Speaking, Dance of Language textbook The oral delivery of information takes place in various forms: public speaking in front of an audience, discussion, and conversation. The audience determines the method. Content and delivery determine the speaker’s success in communicating. Rhetorical devices and appeals, gifts from the ancient Greeks, contribute to effectiveness and eloquence in persuasion. Organization of information, appeal to the audience’s interests, humor, eye contact, vocal inflection, pacing, and volume can produce a positive outcome for a speaker, getting the point across and achieving the speaker’s purpose.

One of my favorite speeches of all time—and I believe most people would agree—is Martin Luther King’s “I Have a Dream” speech delivered on the steps of the Lincoln Memorial in Washington, D.C. in 1963. Reverend King was a natural speaker, an eloquent speaker because he knew and used the tools to reach his audience’s emotions, their sense of reason and character, and this speech will never be forgotten. He had a written manuscript in front of him that day, but in his ardor to communicate critical truths for not only the 1960s but for all time, he set it aside finally and spoke from the heart.

When I work with young people who are required to deliver an original speech for an audience of several hundred other students, I ask them to write a persuasive speech that focuses on the classic appeals of logos (reason), pathos (feeling), and ethos (their own personality, character, and expertise). When the speech has been written, revised, and finalized, we work on delivery. How convenient it would be for students to stand before the audience and read their speeches—no worries about forgetting and being humiliated before their peers. The reverse, however, is actually the case. A speaker who is unprepared to dazzle an audience is forgettable, and since my motto is anything worth doing is worth doing well, I try not to allow that to happen to the students who come to me for help. The first step must be to memorize the speech, with an index card for notes, which could be key phrases or an outline for security purposes. This step is not an option, for it makes all the difference in the outcome of the speech. Eye contact simply isn’t good enough if a student must look at the manuscript every five or six words. You see, nothing is quite so exhilarating for the speaker as looking at an audience eye to eye and, with heartfelt conviction, using his voice and pacing and volume effectively to convince people to believe that what he has to say will make a difference in the world, or at least a part of it. The moment a student finishes and takes her seat after such a speech, that speaker will never be the same again because of that one moment of triumph in her life, a moment in which she took control and used her power for good.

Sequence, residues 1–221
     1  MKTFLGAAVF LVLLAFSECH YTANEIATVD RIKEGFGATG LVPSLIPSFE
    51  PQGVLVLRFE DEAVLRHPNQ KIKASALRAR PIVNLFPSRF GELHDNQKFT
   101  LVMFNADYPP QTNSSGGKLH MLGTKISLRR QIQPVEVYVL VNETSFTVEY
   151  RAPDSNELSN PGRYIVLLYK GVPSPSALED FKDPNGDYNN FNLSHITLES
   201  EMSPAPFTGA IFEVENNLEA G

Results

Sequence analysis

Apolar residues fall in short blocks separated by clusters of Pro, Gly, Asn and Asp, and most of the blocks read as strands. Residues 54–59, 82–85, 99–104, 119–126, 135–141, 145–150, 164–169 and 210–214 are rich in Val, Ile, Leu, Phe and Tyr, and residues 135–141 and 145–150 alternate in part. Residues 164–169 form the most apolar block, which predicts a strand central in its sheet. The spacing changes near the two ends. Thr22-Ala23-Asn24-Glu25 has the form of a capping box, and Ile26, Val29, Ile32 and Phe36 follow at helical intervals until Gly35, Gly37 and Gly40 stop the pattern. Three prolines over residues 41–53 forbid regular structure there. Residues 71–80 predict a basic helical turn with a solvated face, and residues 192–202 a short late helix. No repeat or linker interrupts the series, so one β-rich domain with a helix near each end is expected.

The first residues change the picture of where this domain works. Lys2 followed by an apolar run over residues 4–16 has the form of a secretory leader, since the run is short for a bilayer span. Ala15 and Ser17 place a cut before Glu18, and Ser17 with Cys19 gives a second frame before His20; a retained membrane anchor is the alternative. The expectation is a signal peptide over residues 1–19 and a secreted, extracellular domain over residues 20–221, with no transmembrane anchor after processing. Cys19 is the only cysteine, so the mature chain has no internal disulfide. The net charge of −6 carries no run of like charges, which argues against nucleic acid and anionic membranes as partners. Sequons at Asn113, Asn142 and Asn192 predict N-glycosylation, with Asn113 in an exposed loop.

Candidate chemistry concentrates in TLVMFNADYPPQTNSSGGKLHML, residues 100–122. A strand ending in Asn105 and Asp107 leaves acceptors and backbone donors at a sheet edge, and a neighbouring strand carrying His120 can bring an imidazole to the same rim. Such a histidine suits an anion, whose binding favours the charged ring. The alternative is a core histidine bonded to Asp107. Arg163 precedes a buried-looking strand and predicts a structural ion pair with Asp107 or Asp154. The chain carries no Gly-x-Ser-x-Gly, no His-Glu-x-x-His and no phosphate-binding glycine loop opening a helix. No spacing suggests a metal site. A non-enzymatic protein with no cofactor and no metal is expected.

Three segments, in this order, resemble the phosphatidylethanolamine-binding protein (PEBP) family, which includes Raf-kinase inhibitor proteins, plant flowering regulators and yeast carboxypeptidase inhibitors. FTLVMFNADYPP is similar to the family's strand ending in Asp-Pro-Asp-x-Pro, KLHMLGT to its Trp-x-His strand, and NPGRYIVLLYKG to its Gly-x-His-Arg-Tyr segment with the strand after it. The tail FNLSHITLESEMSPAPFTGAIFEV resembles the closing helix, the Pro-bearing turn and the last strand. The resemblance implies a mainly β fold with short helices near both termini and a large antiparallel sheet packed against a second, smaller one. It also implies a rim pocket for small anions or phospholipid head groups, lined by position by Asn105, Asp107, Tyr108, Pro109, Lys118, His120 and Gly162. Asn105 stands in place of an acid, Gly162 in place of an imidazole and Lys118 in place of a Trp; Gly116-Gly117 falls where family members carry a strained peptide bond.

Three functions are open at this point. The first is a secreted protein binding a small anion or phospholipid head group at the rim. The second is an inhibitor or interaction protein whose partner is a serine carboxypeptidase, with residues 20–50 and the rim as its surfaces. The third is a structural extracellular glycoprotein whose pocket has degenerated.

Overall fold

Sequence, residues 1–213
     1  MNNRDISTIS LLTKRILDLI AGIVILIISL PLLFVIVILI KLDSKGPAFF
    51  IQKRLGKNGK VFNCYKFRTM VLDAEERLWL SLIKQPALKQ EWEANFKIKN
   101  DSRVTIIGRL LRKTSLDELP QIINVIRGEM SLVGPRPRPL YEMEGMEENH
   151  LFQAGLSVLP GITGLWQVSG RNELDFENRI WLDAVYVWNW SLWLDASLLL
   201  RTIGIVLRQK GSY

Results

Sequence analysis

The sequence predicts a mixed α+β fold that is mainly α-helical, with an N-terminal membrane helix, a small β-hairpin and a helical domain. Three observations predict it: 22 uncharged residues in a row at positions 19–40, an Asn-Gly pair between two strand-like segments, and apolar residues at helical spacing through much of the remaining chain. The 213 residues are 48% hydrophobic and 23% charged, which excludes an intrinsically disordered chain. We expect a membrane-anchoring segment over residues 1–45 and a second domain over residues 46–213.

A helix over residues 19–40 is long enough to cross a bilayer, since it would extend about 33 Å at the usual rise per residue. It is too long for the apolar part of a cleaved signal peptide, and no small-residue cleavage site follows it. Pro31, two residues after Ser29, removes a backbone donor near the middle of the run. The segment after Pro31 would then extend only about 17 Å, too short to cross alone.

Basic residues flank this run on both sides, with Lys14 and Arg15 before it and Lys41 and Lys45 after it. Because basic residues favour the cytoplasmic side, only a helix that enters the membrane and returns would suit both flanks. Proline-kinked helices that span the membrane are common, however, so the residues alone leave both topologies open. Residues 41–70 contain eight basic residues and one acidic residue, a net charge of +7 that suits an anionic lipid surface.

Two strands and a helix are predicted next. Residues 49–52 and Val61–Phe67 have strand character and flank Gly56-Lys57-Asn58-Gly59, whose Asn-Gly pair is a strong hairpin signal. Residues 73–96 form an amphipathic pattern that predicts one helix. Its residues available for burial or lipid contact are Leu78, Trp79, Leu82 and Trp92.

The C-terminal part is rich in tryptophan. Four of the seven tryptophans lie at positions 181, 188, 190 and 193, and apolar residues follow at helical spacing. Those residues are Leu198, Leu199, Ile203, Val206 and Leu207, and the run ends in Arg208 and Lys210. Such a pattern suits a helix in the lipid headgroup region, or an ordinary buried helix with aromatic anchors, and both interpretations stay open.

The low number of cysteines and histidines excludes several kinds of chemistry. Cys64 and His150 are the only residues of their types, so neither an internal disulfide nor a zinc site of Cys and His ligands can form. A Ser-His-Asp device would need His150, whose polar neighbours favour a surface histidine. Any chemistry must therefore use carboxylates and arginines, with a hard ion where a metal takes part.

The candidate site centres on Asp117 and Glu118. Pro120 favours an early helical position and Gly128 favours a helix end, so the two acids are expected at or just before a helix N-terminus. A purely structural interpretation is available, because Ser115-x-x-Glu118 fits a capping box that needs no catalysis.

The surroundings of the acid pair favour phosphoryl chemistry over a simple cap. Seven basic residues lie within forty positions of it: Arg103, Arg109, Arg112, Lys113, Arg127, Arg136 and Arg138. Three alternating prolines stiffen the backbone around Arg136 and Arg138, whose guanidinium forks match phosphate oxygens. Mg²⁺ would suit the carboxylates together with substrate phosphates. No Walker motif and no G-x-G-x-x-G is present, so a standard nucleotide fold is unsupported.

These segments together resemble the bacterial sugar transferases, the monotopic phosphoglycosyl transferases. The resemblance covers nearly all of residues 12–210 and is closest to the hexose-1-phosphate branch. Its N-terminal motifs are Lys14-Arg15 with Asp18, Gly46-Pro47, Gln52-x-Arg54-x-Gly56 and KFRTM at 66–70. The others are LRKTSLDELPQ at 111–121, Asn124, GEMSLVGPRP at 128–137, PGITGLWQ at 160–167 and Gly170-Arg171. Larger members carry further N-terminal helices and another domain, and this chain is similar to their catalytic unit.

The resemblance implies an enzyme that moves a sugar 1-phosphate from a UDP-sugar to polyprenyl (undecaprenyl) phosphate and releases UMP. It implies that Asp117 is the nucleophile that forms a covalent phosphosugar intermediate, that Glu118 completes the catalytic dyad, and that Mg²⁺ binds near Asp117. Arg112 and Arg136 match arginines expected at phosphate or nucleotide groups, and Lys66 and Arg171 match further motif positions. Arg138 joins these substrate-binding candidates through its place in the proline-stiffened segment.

Speaking; Dance of Language textbook Speaking in front of an audience is terrifying only when the speaker is unprepared. That bit of advice is essential. When a speaker has a good speech and has worked on the various elements of the delivery, speaking in front of an audience is still nerve wracking, but the success rate is far more promising. That alone can persuade students to invest the time in writing a memorable speech and practicing it enough to be persuasive.